auticon – changing the conversation on neurodiversity
Unwritten social rules of corporate office culture and recruitment practices can present real barriers for neurodiverse people, both in finding employment and then thriving at work. Only 29% of autistic adults in the UK have paying jobs, compared with 80% of working-age people without a disability [i], despite research showing the vast majority want to work [ii]. The seemingly successful minority who do find work still face challenges, often struggling to be themselves in the workplace and not receiving the support they need.
auticon is a social enterprise on a mission to change this and build a more inclusive world, by addressing inequalities in employment for neurodivergent adults and showcasing the strengths of neurodiversity in society. It was initially founded in Berlin in 2011 by Dirk Müller Remus, a father wanting better employment opportunities for his autistic son. The business model was simple: employing autistic adults as IT consultants, tapping into the STEM skills often associated with neurodiversity to help organisations in need of tech support.
Following investment from Germany’s first social investment fund, the business grew to have six German offices, with large clients such as BMW and Allianz. Global expansion followed, with auticon UK opening in 2016. The company operates in 14 countries with two main workstreams: IT consulting (in data science, analytics, engineering, cyber-security and quality assurance) and offering EDI services on neuroinclusion.
Creating jobs and changing lives
auticon employs adults on the autism spectrum as technology consultants, supported by job coaches and project managers, who are matched with client organisations to suit their individual skills. Its innovation lab, auticon Labs, is where neurodivergent teams-members collaborate with clients and investors to develop technology solutions to the challenges of neurodivergent people in the workplace and in their day-to-day lives.
Globally, auticon currently employs more than 450 autistic consultants on full-time contracts with big businesses including PwC, NatWest, Deloitte and Zurich among their many UK clients. 67% of auticon consultants had been unemployed for more than a year, despite 85% having a professional qualification or degree, and the impact of supportive employment has been transformative [iii].
92% of consultants feel supported at work, 87% say their quality of life has improved since joining the organisation, and 91% believe they’re valued for who they are. auticon consultants Chris Lever said: “Before I joined auticon, I had been unemployed for 15 months, and was being treated for depression for the third time. auticon took me in and I’ve been working consistently for 3.5 years now. That is the power of a social enterprise.”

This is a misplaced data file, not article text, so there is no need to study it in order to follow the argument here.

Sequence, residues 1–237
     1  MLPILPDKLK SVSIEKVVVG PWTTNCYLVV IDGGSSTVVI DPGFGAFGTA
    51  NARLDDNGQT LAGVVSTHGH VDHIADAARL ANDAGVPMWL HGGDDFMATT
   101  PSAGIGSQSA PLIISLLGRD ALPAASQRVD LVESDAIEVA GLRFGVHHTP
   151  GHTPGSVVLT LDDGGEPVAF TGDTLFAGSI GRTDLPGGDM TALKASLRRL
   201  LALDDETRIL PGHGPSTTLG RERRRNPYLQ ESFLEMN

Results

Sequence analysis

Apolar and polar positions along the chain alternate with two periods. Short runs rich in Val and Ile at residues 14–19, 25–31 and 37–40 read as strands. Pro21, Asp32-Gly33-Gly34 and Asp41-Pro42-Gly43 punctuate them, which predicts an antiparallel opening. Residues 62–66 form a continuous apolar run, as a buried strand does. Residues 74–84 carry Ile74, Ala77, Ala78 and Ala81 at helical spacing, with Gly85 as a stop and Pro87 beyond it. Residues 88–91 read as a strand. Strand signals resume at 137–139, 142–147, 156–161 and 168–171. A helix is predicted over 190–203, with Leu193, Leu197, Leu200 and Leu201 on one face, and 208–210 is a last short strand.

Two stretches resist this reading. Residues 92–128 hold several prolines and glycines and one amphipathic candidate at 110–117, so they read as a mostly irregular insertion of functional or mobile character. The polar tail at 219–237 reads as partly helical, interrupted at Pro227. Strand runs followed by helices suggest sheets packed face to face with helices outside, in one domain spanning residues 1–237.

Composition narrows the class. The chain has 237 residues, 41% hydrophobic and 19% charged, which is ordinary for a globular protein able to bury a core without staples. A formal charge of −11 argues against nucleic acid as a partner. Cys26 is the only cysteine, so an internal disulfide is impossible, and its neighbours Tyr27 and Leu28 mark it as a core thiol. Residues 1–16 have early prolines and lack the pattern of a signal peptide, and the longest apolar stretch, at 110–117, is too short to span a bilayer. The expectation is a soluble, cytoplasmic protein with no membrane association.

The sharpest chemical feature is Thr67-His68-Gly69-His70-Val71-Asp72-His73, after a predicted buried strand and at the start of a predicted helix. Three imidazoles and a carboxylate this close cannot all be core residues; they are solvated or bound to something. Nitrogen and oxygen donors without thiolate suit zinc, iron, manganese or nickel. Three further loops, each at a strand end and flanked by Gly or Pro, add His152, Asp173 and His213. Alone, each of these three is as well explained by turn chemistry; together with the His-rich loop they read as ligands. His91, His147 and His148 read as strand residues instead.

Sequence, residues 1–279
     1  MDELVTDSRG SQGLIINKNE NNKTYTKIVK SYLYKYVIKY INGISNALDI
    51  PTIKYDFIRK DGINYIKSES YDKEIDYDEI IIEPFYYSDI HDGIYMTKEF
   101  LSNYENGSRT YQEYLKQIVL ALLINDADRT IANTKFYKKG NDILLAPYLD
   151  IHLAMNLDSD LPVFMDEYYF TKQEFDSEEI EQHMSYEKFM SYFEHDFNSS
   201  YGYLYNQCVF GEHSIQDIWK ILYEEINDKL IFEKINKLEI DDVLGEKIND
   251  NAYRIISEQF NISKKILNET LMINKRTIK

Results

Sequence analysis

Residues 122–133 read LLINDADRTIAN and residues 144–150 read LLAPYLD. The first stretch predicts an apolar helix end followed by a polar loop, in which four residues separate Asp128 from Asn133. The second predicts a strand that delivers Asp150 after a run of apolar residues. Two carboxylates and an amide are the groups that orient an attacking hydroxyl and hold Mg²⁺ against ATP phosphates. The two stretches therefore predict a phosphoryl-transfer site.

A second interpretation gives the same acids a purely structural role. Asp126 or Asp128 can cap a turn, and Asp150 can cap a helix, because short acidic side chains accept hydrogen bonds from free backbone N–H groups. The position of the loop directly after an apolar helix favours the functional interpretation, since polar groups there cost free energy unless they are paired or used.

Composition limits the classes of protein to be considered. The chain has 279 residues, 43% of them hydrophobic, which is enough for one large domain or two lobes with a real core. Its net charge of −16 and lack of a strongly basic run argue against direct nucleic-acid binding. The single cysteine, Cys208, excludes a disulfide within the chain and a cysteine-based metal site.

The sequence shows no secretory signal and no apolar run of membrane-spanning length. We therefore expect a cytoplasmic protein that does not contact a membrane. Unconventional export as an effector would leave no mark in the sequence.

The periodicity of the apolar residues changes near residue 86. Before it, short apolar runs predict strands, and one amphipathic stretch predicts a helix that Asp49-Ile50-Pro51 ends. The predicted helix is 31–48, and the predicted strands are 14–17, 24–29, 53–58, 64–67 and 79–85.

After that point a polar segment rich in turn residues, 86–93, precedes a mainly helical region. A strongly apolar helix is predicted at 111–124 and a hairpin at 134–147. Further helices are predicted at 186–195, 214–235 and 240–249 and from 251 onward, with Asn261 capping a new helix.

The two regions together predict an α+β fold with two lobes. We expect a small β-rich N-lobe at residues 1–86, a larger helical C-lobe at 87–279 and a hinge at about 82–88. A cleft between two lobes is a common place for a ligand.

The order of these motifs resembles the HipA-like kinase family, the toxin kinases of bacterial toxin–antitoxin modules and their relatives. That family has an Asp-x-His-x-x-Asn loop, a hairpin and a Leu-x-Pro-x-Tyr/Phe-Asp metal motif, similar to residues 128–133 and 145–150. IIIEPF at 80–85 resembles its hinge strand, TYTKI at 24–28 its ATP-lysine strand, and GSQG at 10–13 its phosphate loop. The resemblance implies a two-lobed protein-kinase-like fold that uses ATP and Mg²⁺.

Transforming business culture
As well as directly supporting autistic people to build successful IT careers, auticon works with other employers to shift perceptions of neurodiversity in the world of work. auticon’s Neuroinclusion Services help organisations to become confident neuroinclusive employers through consultancy, training and support.
85% of clients report a greater understanding of neurodiversity as a result of working with auticon, and the same percentage say their team feels more confident working with autistic people.
Furthermore, the skills and insights of auticon consultants are having a real positive impact on clients’ work; 93% reported that consultants made valuable professional contributions to projects, with increased accuracy and efficiency as well as more innovative approaches cited as benefits of their alternative perspectives.
Gareth Crabtree, Head of Data Design Enablement at auticon client PwC UK, said: “Throughout my time working with auticon consultants, they have consistently demonstrated a range of technical skills that have allowed them to produce innovative and high quality work. Having autistic people on my team has led me to having a much better understanding of neurodiversity, helping to make me a more well-rounded leader. The support that auticon’s job coaches provide is highly valued, and it is very clear that the needs of their consultants are very much at the centre of everything that they do.”
Some of the auticon team at the UK Social Enterprise Awards 2022 where auticon won the overall Social Enterprise of the Year Award
auticon works closely with customers, local communities and other partners to raise awareness across society of the benefits that autistic people can offer employers as well as the barriers they face. So far auticon has delivered more than 235 awareness events and trained 66 organisations. Last year, they also launched a podcast series, featuring leading voices on autism from around the world.
auticon places neurodivergent people at the heart of its workforce. All consultants are on the autism spectrum and 78% of the workforce are neurodivergent, making it a majority autistic business. Its success shows how a social enterprise can transform the lives of people facing real barriers in the workplace, not only empowering individuals but changing the way they’re viewed by big businesses and wider society.
In 2022, auticon’s incredible impact was formally recognised when it was named UK Social Enterprise of the Year at the UK Social Enterprise Awards, and since then the company has gone from strength to strength. This summer, auticon joined forces with a Norwegian social enterprise called Unicus that runs a similar model, making it the largest autistic-majority company in the world.
You can find out more about auticon’s impact in their latest impact report